shake that cola drag

The office-block persecution affinity.

Friday, April 28, 2006

In praise of the awfully unhip Don McGlashan.

As I was battling my way to work this morning, late, through sun and rain (at the same time), belting out whatever came on the unPod (I am a sing-alonger, always), the Muttonbirds' 'Giant Friend' popped up. You know what's delightful? How aggressively Don insists on singing in a Kiwi accent. Always. And you know it's a deliberate artistic decision, because the accent of a pop singer is always, by default, American. The Beatles changed all that for the UK, of course, but it's not as if every artist hailing from there uses their own provincial accent. And for us it's worse, because we have two layers of pop-culture colonialism, two layers of artifice to get through. Not only do we have to reject the default accent, we have to reject the British alternative (just listen to some NZ punk bands from the 70s, all glottal stops) too. It's really weird, and also liberating, to sing a song with all of our weird vowels. Dorky but true.

It's also liberating to not have Ice Cube's 'Put Your Ass Into It' come up on my Friday commute. I swear, 5000 songs on that machine, set to random, and every single Friday I'm there, driving and singing along with 'I've got dick for days, you've got ass for weeks!' I mean, I love that song, but what are the odds?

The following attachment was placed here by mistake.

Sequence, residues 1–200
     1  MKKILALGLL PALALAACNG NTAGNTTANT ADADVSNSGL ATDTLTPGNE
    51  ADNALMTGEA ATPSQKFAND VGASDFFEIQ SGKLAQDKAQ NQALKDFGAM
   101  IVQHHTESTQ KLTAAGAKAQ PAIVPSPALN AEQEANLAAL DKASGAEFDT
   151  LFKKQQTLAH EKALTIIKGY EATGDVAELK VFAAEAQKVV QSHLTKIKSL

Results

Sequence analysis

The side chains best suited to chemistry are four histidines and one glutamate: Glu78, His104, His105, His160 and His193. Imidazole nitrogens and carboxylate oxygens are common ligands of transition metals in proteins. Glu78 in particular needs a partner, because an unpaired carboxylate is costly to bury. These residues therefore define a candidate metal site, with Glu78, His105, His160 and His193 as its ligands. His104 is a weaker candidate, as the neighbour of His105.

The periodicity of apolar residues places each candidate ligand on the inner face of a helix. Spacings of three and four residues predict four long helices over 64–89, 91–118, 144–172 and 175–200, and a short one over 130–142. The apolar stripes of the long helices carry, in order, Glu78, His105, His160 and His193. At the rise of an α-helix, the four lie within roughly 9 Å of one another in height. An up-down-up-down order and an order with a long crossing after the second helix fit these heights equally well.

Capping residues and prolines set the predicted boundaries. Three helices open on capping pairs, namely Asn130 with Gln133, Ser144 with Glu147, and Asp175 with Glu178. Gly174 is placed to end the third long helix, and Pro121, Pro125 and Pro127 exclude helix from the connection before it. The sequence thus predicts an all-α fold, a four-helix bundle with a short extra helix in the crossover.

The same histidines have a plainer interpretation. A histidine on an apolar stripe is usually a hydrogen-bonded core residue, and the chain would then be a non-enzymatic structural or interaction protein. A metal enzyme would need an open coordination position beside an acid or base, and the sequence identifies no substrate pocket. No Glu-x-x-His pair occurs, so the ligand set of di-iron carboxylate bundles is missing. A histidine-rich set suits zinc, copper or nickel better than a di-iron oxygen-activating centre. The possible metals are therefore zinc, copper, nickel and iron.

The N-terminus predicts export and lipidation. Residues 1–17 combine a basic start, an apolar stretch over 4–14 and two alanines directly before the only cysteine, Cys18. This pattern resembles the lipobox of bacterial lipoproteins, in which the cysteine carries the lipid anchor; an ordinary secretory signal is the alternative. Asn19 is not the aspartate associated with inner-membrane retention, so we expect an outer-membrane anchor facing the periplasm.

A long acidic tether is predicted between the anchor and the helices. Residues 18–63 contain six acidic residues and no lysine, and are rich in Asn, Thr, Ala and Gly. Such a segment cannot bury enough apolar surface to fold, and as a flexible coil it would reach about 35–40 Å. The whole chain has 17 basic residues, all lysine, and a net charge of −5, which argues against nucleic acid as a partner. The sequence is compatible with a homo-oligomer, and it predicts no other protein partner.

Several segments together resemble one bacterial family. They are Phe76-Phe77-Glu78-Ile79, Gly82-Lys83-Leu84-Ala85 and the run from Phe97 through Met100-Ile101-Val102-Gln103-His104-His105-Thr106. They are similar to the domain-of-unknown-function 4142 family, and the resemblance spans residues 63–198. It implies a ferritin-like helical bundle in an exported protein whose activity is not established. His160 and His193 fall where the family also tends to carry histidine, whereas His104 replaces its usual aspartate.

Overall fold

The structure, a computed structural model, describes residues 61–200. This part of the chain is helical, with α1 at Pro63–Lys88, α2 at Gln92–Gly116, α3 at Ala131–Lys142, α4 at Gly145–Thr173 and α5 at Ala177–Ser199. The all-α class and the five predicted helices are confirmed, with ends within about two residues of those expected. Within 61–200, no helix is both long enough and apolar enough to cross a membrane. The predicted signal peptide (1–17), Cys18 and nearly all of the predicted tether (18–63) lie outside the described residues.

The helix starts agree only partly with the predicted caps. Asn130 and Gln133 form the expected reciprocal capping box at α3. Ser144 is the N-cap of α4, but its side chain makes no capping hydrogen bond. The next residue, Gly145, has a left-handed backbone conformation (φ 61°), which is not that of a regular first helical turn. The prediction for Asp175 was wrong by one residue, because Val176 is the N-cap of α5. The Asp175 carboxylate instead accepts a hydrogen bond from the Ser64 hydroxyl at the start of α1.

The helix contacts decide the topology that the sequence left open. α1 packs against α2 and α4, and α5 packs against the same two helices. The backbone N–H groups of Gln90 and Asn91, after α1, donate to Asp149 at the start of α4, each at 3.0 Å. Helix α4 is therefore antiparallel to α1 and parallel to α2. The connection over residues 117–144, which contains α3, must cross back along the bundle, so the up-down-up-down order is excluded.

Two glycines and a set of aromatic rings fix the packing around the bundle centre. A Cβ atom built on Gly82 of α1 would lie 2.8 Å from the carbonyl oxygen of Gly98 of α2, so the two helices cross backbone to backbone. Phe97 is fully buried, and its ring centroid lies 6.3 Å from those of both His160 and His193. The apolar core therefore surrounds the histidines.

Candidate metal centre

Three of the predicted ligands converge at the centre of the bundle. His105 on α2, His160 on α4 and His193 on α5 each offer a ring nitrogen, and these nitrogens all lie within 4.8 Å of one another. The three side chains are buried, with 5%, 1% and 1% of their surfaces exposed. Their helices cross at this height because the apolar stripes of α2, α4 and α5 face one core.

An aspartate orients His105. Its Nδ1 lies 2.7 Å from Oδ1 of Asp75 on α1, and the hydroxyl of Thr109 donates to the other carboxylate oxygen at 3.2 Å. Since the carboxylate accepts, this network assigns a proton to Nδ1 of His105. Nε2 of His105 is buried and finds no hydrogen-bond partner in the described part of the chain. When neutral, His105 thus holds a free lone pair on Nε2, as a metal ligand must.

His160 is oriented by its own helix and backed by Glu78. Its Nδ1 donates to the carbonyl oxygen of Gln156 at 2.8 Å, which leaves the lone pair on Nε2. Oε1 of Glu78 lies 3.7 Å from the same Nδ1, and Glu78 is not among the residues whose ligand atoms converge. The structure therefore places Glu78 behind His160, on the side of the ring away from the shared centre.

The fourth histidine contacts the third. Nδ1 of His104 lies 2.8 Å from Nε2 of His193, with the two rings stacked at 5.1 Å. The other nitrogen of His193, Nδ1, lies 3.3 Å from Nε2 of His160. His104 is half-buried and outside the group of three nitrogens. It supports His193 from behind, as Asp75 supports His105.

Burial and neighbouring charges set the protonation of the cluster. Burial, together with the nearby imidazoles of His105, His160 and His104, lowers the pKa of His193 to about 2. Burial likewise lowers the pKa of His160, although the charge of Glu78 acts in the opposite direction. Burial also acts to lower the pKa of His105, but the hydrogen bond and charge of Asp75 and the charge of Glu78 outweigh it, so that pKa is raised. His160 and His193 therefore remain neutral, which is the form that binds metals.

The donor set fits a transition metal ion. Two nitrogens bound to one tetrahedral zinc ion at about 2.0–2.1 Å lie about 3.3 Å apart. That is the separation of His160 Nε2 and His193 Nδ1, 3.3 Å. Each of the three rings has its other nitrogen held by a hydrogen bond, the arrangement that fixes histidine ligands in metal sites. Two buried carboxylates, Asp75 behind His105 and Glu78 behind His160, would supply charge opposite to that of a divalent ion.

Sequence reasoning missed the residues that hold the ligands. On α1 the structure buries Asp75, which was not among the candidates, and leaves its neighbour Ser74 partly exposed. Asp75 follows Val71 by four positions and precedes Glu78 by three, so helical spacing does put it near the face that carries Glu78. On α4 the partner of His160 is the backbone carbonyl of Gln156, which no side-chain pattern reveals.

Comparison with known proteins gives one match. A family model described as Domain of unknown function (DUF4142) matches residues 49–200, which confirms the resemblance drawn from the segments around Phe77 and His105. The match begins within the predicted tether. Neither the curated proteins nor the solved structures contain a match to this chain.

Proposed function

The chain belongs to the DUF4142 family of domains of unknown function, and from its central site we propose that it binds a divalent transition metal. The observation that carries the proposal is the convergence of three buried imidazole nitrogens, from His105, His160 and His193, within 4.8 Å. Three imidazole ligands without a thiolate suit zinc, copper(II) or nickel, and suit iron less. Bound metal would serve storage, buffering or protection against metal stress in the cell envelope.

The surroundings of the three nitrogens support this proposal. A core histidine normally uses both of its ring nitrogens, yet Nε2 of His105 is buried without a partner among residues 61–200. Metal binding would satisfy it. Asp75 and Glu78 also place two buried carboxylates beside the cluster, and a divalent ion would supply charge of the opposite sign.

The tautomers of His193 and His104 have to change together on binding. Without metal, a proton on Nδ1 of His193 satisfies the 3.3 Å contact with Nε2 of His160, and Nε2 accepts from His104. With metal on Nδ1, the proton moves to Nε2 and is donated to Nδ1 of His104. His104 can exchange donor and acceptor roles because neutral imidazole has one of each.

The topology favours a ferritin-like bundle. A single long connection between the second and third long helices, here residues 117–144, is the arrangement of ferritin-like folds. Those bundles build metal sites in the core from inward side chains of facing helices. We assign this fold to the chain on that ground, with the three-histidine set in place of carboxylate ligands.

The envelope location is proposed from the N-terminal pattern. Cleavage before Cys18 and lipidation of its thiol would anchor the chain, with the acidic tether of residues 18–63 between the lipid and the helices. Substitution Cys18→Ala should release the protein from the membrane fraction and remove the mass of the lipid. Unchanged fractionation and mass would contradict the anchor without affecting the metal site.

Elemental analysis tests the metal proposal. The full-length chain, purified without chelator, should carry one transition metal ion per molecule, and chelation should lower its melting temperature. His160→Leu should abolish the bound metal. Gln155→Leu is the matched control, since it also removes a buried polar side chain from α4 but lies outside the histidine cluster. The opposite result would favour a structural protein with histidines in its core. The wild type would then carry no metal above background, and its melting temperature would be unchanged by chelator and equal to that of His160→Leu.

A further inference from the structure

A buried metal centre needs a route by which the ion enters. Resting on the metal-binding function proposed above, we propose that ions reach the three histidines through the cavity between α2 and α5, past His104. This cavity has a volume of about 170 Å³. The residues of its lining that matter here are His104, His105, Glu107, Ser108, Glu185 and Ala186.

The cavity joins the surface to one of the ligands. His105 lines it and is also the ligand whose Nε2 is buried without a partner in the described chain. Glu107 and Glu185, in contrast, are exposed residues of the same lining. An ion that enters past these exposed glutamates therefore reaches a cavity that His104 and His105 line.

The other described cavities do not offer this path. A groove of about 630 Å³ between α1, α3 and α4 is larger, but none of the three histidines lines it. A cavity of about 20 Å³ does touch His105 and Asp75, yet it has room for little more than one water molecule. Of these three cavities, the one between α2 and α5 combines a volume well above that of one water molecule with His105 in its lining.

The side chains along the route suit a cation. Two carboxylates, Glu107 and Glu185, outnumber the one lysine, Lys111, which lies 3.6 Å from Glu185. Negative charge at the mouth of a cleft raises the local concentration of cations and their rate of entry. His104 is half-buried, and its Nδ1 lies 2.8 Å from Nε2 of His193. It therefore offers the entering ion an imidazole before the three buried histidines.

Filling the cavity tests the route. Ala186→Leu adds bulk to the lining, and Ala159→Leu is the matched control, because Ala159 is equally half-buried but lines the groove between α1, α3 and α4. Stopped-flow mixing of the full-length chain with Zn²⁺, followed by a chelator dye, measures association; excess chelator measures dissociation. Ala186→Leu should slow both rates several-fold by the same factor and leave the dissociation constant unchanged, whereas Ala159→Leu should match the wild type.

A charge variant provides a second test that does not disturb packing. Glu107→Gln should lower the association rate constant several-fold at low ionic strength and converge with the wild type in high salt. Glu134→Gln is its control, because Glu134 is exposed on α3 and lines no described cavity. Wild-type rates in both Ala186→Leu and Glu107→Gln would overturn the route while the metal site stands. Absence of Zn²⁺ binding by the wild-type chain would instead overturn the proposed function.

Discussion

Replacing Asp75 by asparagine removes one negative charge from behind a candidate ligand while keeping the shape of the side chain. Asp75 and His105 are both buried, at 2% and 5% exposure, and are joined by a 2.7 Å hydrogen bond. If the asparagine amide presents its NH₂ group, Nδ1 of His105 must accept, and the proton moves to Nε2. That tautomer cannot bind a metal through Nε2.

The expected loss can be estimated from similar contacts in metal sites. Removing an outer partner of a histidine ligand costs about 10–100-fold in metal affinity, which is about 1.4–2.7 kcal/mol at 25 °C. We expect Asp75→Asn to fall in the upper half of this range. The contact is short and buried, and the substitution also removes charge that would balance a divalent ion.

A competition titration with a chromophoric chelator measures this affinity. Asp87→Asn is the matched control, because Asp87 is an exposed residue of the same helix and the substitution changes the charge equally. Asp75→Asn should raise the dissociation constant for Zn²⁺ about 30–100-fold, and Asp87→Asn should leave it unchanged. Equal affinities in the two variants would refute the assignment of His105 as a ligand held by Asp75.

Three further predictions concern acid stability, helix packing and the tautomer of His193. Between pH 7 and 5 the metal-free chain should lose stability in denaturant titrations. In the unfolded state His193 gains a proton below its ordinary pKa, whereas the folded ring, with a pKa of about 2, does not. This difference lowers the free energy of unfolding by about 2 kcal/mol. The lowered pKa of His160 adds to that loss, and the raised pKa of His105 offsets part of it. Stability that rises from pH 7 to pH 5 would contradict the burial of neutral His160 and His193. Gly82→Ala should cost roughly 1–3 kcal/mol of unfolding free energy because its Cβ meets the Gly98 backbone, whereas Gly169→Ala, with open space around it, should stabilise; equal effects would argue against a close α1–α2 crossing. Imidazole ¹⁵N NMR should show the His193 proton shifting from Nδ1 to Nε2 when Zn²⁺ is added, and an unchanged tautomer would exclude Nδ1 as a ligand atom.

Wednesday, April 26, 2006

Brent has been here nearly four years, long enough to use local idioms. Now when he wants to get the attention of his students or our pets, he shouts 'oi!'

It's cute.

Tuesday, April 25, 2006

Oh, and happy Anzac Day, team. I made the appropriate biscuits for the day this morning. You can see why that recipe's lasted the best part of a century - it's fast and simple to make, sweet, high in protein, yummy, and keeps for ages. I imagine if I was a soldier in the trenches in World War I, an Anzac biscuit would be just the ticket. Here's to you blokes. Especially the poor bastards still over there. Never again.

Today, I discovered that our house has the same square footage/metrage as the average American house in 1950 - 1001 square feet, or 93 square metres. The average American house is now over twice that size.